In her essay, "Sex Between Women and Indianness: Vulnerable Casted Bodies," Antonia Navarro-Tejero examines the lesbian experience, using two heterosexual voices representing the lesbian abject: Shobha Dé’s popular bestseller novel Strange Obsession (1992) and Karan Razdan’s Bollywood film Girlfriend (2004), as they espouse the dominant ideology of heteronormativity, rendering homosexuality as a western illness that taints the Indian culture. First, the author provides an overview of the history of lesbian desire in India, and how it is rendered by Hindu nationalists. Then, following the postulates of Michel Foucault, she analyzes both cultural texts with respect to how same-sex desire is represented in relation to religious morality. Both works deploy, and manipulate for dramatic effect, a repertoire of visual/textual stereotypes that have long been associated in misogynist and patriarchal imagination with perceptions of lesbian (Christian) women as sexually abject and heterosexual (Hindu) partners as victims of their insanity. She concludes that, because women’s sexuality is deployed in the services of reproducing the nation, lesbianism symbolizes a threat to the Hindu family.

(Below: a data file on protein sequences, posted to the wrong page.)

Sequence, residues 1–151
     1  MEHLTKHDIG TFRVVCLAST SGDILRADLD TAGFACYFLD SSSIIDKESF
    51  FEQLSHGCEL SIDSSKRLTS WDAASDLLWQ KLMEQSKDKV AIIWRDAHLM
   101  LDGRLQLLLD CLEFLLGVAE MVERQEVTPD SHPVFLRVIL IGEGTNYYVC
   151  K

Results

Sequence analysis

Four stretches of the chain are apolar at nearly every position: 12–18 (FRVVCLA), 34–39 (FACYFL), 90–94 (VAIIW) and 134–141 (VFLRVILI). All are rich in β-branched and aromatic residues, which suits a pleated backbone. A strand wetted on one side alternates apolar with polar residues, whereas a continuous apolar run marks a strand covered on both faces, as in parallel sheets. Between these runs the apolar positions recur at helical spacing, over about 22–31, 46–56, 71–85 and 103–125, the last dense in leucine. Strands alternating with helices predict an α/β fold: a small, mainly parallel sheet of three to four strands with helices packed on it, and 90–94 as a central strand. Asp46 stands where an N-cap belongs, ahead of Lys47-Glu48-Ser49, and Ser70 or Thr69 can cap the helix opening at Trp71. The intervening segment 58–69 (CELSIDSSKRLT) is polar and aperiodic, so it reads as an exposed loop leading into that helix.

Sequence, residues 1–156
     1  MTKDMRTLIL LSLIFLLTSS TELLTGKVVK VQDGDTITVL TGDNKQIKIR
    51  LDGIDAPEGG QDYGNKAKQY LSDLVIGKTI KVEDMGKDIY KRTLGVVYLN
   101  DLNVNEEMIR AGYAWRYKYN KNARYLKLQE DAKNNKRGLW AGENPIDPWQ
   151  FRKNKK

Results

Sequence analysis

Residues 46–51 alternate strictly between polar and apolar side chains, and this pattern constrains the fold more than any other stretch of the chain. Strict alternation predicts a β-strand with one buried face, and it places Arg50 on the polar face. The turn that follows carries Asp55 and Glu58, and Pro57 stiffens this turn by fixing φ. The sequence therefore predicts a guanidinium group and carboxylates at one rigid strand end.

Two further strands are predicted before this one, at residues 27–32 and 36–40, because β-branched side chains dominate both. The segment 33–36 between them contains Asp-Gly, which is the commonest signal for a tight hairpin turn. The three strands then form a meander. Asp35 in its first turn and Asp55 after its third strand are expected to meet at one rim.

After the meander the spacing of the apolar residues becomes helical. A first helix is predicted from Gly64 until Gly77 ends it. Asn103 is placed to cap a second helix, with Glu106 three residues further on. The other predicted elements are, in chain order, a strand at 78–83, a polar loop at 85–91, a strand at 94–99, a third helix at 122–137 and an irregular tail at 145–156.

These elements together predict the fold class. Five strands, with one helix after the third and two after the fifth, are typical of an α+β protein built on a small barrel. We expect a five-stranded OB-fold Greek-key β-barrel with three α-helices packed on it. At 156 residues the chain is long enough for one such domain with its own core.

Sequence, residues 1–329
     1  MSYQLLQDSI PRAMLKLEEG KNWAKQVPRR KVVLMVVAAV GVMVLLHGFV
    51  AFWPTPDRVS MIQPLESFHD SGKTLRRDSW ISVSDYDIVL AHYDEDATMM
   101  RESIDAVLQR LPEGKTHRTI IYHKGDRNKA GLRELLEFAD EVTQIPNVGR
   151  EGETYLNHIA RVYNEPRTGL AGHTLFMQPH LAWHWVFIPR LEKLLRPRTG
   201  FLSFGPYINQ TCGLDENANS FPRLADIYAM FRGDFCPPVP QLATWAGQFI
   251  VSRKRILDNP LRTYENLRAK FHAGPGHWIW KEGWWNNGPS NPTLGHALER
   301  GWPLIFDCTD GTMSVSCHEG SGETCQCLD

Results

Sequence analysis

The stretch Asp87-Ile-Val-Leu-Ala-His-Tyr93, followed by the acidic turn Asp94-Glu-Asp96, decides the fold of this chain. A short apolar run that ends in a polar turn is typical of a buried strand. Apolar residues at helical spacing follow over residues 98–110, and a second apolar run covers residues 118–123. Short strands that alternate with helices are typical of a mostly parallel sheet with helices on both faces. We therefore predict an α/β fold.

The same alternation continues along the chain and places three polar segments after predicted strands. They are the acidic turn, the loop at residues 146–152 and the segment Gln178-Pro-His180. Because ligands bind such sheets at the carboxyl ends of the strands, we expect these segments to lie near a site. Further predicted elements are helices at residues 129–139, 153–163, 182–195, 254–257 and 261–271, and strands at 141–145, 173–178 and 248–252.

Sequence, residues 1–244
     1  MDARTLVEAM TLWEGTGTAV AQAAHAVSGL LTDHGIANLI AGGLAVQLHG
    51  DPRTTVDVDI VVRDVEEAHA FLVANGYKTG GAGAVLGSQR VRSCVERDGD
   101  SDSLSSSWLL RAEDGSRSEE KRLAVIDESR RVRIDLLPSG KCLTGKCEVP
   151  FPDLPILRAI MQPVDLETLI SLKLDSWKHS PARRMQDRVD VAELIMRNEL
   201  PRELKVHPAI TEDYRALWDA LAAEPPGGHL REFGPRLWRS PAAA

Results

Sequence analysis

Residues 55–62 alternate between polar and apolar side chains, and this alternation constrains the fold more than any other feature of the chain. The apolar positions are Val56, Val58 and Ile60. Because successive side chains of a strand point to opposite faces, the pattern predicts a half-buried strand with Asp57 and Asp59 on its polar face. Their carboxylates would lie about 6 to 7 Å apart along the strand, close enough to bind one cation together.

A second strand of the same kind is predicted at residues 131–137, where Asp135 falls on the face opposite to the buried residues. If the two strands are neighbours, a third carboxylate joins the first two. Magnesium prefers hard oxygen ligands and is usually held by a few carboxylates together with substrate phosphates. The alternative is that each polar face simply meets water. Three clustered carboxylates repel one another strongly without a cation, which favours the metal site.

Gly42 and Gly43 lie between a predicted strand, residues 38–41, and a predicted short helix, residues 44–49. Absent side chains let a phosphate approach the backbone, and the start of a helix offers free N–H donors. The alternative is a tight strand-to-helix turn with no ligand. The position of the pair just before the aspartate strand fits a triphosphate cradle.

"Sex Between Women and Indianness: Vulnerable Casted Bodies."
CLCWeb: Comparative Literature and Culture
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